Lonnie Chisenhall

And That Happened: Monday’s scores and highlights


Indians 17, Rangers 7: Yesterday I mentioned that Lonnie Chisenhall was sorta having a nice year. Well, add on a 5 for 5 night with 3 home runs and 9 RBI onto that. This is the dude that the Indians decided needed to sit behind Carlos Santana at third base, by the way. First base, third base. Who cares? Just get his bat into the lineup all the time.

Orioles 4, Red Sox 0: Bud Norris allows only three hits in eight innings and the O’s got all of their runs on homers. The Sox have lost six of seven.

Mariners 3, Rays 0: David Price strikes out ten dudes but he could’ve struck out 18 and it wouldn’t have mattered given that he got no run support. That’s 13 of 14 in the loss column for Tampa Bay. The Mariners finish their little southeast road trip with a 6-1 record, including a win in a makeup game in New York. Of course, beating the Yankees, Braves and Rays isn’t a tall order these days.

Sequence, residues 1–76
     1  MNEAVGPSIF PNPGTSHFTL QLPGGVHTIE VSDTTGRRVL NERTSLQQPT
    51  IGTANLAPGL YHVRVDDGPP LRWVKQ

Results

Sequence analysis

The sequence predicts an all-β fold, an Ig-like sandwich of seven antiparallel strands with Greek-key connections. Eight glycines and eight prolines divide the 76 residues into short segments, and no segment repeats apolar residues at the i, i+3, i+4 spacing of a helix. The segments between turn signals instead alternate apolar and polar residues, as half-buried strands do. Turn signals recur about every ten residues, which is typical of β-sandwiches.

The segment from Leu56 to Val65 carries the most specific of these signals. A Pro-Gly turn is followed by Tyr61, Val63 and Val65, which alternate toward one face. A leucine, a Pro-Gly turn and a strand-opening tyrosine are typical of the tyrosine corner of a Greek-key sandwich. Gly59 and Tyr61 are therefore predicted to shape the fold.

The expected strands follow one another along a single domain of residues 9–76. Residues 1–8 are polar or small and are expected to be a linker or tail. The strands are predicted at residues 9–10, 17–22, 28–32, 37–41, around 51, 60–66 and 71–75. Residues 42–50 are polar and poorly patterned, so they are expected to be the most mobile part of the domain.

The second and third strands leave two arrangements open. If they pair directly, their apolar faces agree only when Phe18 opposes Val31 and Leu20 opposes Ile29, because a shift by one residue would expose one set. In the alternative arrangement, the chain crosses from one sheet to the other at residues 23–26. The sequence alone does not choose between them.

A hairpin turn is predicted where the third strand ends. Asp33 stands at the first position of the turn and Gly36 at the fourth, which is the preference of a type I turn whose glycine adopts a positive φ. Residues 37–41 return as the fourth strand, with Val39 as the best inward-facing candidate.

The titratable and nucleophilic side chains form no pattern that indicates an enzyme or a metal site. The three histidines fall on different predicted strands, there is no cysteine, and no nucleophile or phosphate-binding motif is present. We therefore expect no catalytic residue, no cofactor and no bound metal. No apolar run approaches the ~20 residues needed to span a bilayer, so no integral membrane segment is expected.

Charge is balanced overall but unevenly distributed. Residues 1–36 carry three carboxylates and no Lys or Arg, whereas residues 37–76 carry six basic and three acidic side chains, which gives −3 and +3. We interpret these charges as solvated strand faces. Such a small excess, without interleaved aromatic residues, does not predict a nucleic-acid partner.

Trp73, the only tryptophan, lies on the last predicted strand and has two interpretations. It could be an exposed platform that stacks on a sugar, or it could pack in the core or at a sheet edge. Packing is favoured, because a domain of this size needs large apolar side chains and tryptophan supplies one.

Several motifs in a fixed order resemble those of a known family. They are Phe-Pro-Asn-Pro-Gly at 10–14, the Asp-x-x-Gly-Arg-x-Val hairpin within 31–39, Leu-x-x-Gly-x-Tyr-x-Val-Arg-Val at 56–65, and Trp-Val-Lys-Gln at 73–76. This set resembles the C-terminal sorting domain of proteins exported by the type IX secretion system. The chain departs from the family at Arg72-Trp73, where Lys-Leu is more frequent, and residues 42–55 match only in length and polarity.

Pirates 6, Cubs 2: Andrew McCutchen hit a homer and drove in three runs. The Cubs just had a sweet homestand but stink on ice on the road, so enjoy the next nine out of hotel rooms, Chicago.

Blue Jays 5, Twins 4: Edwin Encarnacion hit a three-run homer to give the Jays the lead for a while and then, after the Twins tied it up again, Kevin Pillar drove in the winning run in walkoff fashion. Kendrys Morales went 1 for 3 with a walk. Not bad for a guy who should be as rusty as a pre-oil-can Tin Man.

Dodgers 6, Reds 2: Have a game Scott Van Slyke. Two homers and four RBI for the Son of Andy. The key here, though, is that Yasiel Puig stayed healthy through the game. Im taking my kids to the getaway day game on Thursday afternoon and he has to be in that game or else it’s gonna be trouble. Or, at the very least, I’m going to have to convince the kids of Zack Greinke’s awesomeness. Whatever.

Editor’s Note: Hardball Talk’s partner FanDuel is hosting a one-day $35,000 Fantasy Baseball league for Tuesday night’s MLB games. It’s $25 to join and first prize is $6,000. Starts at 7:05pm ET on TuesdayHere’s the FanDuel link.